So I promised phantomreviewer a Mace/Price fic. Well here it is.
What happened when Mace got transfered to Vancouver?
Orders and Requests.
Marion peered blearily through the spy hole on her door, and saw a familiar shape on the other side. She opened the door and stepped outside, “Hello Gerald,” she said slowly.
“Good morning Marion,” Gerald replied, kissing her on the cheek.
She looked up at him, “What’s the matter?”
“Why do you assume something’s the matter?”
Marion looked at her watch, “Its eight o’clock on Saturday morning. Of course something is the matter.”
Gerald sighed, “Can I come in?”
A few minutes later, the pair were seated in Marion’s living room cradling cups of tea, “So what is it?” Marion asked at last. “Another invasion, new officers, what?”
Gerald sighed, “I’m being transferred.”
Marion laid down her tea cup, “Where to?”
Marion walked over to him, and wrapped her arms around him, “Why?”
“Colonel Jenkins reached retirement age,” Gerald said simply, “They want me to take command. Though that is only one reason.”
“And the other?”
Gerald rubbed his shoulder, and ran a finger across the pale scar that ran across the back of his hand, and which Marion knew continued up his forearm, “Vancouver is a soft posting Marion,” he replied bitterly, “They don’t think I’ve recovered from,” he paused, “You remember.”
Marion certainly remembered, sitting in the wreckage of the Valiant, Gerald’s head in her lap as a piece of machinery crushed the life from him. “I remember,” she whispered. She looked at him, “When do you leave?”
“Two weeks,” he said. They sat in silence for nearly half an hour till Gerald spoke again, “Come with me.”
Marion looked up from her magazine, “Pardon?”
Gerald walked over and knelt down in front of her, “Come with me,” he said again, “To Vancouver.”
She looked at him, “And what would I do there,”
He waved his hand dismissively, “I can always find a position for a good officer.”
Marion looked down at him sadly, “I can’t Gerald.”
“Of course you can,” he said, “Just apply for a transfer.”
She shook her head, “I can’t,” she repeated.
“Think about it,” she said, “How would you react if another officer appointed his girlfriend to a position, even if there were better candidates.”
Gerald looked away, “Your right of course. It would break too many rules.”
Marion nodded, “And that’s why I can’t go. Not even for you.”
He pulled himself up next to her, “Then let’s make the most of the time we have.”
Two weeks later, a group of UNIT officers were congregated in a hotel toasting Colonel Mace. “I can’t believe you organized this without me knowing about it,” Gerald whispered as another solider shook his hand.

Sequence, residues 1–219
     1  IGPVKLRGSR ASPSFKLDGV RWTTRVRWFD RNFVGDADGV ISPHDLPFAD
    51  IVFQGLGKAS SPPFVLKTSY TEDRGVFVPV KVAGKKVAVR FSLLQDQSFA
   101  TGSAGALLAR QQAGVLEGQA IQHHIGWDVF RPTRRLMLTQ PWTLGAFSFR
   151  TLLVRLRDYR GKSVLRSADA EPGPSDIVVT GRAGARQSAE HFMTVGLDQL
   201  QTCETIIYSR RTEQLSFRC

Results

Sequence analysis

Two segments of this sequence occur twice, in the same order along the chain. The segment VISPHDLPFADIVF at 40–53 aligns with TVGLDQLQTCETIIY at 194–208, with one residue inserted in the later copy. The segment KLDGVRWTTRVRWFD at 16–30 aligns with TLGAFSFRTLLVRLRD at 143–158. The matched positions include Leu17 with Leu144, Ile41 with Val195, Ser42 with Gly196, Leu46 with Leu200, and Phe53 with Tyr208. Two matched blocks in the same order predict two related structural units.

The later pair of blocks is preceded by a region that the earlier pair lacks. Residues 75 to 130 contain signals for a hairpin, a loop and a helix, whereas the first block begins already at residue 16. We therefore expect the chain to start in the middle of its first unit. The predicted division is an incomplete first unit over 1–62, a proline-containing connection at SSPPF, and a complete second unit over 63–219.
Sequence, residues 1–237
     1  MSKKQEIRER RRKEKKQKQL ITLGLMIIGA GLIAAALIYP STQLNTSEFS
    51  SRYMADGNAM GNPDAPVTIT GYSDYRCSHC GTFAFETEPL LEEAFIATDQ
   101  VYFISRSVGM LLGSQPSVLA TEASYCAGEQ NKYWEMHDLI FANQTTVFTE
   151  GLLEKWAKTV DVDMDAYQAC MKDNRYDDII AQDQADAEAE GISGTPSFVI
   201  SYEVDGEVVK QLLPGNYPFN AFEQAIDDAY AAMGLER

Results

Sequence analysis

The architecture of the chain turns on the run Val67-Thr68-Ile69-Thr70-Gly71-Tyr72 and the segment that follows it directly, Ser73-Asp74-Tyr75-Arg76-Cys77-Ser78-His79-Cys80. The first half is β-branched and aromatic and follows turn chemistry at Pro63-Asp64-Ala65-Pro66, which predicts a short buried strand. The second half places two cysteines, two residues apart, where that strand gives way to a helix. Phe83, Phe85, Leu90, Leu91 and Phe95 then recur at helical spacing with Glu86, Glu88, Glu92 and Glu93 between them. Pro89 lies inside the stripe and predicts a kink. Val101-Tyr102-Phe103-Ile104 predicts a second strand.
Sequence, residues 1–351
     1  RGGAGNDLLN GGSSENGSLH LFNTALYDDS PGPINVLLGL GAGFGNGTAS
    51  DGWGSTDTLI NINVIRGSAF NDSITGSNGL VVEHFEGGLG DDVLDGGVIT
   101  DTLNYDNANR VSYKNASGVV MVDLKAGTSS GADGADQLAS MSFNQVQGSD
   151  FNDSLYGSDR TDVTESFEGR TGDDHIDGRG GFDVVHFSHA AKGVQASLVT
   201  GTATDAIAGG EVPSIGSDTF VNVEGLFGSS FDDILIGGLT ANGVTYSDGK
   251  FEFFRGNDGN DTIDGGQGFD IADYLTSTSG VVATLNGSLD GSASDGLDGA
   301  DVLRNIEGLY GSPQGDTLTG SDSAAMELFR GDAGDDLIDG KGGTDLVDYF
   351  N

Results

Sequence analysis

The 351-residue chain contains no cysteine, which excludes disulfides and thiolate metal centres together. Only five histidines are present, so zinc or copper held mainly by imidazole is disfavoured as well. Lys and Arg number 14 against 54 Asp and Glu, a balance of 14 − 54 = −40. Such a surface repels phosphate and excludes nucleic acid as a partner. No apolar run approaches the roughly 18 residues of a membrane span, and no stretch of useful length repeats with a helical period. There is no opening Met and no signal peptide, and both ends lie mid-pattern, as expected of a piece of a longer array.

“It was surprisingly easy,” Marion said, looping her arm though his free one, “Though the Medonite invasion helped.”
Gerald scanned the room, “And there are so many people.”
“You’re popular,” Marion looked at her watch, “When do you have to go.”
“My flight is at ten,”
“We’d better get going then,” she said. Tapping the side of her glass, she called out, “Before we leave I’m sure you would all like to wish Colonel Mace the very best of luck.”
There was a round of cheering and some more hand shakes, before Gerald and Marion were able to extract themselves from the throng. Shortly after they were driving through London on the way to the airport.
Once they got there, Marion watched at Gerald booked himself in and then followed him to the departure gate. “You have got everything haven’t you?”
He held up a small hold all, “All the essentials. The rest of my stuff is onboard.”
“And I’ll ship your stuff tomorrow.”
“Thank you.” Gerald said shuffling uncomfortably. He had never looked less like a UNIT officer. From above them, an electronic voice announced his flight, “So this is goodbye.”
Marion sighed, and wiped a hand across her eyes, “I guess so,” she flung her arms around him, “Stay safe okay.”
He kissed the top of her head, “I will. I’ll ring you when I get there.”
She nodded, “Now go before I try and stop you.”
Gerald nodded and turned away, walking through the gates and towards the plane. Turning back at the door, he saw Marion waving sadly.
The next day, Marion got back from work to find a message from Gerald telling her that he had arrived and was settled. Silently she went about her evening, every so often glancing at a photo of Gerald.